EMTA free fare programs saw 151,000 users, but ridership remains down
The Erie Metropolitan Transit Authority offered free fares to residents of the Erie region for more than two months, and more than 150,000 people jumped on board.
However, the ongoing COVID-19 pandemic continues to erode ridership for fixed-route buses and EMTA’s Lift paratransit service, which provides door-to-door transportation for people with disabilities and others. unable to use the regular bus service.
Jeremy Peterson, executive director of EMTA, said about 143,000 people took EMTA buses and another 8,000 used Lift services between July 5 and August 29, the duration of the pilot program.
The free fares program cost EMTA about $ 413,000, Peterson said. Providing two months of free rates costs about $ 235,000; doing the same for elevator services has a price of around $ 178,000.
The program was approved by the transit agency’s board of directors and paid for through part of the millions of dollars in federal coronavirus relief funds ETMA received.
EMTA could continue the program on a smaller scale
“There was still an advantage to doing this,” said Peterson. “We created this as a pilot to see what it does for the Erie community in terms of transit and we were also trying to create our own stimulus in the community. And we could try it again. Maybe not for two months, but for a day or two in a month, for example.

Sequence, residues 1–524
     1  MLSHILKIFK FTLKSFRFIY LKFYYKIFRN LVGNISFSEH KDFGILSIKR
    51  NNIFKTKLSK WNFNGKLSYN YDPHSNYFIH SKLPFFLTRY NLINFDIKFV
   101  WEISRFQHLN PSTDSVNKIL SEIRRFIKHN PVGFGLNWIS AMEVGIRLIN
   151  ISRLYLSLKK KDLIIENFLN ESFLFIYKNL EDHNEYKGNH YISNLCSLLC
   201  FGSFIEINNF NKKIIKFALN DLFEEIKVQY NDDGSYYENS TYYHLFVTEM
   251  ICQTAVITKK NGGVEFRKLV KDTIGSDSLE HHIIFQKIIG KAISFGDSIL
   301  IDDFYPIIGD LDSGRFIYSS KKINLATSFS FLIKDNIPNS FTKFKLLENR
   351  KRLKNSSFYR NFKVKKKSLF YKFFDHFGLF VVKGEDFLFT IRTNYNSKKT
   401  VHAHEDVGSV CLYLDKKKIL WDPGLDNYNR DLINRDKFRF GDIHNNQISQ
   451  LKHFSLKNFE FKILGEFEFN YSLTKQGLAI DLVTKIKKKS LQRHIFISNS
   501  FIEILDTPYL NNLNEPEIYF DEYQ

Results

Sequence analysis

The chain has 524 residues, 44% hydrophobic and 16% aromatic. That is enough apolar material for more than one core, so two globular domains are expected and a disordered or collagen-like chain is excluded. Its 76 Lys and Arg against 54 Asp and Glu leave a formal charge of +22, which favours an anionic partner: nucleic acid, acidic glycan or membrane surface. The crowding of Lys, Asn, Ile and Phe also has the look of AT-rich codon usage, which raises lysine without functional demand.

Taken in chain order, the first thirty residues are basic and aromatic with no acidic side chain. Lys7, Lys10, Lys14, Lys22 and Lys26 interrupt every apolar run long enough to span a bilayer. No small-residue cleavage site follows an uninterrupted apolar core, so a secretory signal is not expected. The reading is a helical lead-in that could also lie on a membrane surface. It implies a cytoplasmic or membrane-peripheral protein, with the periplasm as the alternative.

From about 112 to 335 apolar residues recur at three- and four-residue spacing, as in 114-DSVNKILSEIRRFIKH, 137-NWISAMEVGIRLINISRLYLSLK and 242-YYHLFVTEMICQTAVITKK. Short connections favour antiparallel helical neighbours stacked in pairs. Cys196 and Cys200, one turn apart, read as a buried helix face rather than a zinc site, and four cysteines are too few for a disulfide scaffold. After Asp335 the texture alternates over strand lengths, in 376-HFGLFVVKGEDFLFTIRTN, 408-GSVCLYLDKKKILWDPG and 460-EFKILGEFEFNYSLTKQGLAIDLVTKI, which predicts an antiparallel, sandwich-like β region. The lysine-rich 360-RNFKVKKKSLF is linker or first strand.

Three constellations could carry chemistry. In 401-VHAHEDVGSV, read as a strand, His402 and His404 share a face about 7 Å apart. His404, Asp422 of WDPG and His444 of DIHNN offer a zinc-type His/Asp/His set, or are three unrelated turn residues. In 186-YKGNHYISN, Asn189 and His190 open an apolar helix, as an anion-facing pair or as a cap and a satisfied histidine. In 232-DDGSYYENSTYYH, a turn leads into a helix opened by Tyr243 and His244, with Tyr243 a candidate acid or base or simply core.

A $ 12 million grant that EMTA received in 2020 as part of the $ 2 trillion Coronavirus Aid, Relief and Economic Security Act stimulus plan funded the free program.
This money was part of approximately $ 1.13 billion in CARES Act funding used to support transit operations throughout Pennsylvania.
Federal money:EMTA receives $ 12 million in funding from the CARES Act
Peterson said in July that EMTA had about $ 5 million in unspent CARES law funds, and some of that would be used for the pilot program.
EMTA has been hit hard by the pandemic, losing more than $ 3 million in ridership and fare revenue since March 2020, according to agency financial data.
The agency chose not to close because the spread of the coronavirus has closed businesses, closed schools and caused a nationwide lockdown and other restrictions. But its ridership dropped almost immediately and has declined by 60% since the start of the pandemic.
Impact of the pandemic:EMTA to cut bus lines and drivers due to COVID-19
EMTA, which typically carries around 3 million passengers each year, has been forced to cut routes, lay off drivers and put in place comprehensive cleaning protocols for its buses and other vehicles.
“We think we’ve attracted new riders with this (program),” said Peterson. “We also know that there are still a lot of people who are not working and that means a lot of people have used our services to come and go for work not doing that.
“As more and more people return to work, our numbers are expected to increase,” Peterson said.
EMTA also received an additional $ 11.6 million from the American rescue plan, the $ 1.9 trillion stimulus bill that President Joe Biden signed into law on March 11.
Dave Robinson, chairman of the EMTA board of directors, said the program was worth it, but he acknowledged that public transport continued to take up traffic due to “all this reluctance to get vaccinated. “, the emergence of the delta variant and other factors as the pandemic continues.
“At the same time, we feel really good to be able to do this for the community,” said Robinson. “The board really saw this as our contribution to getting Erie back in motion.”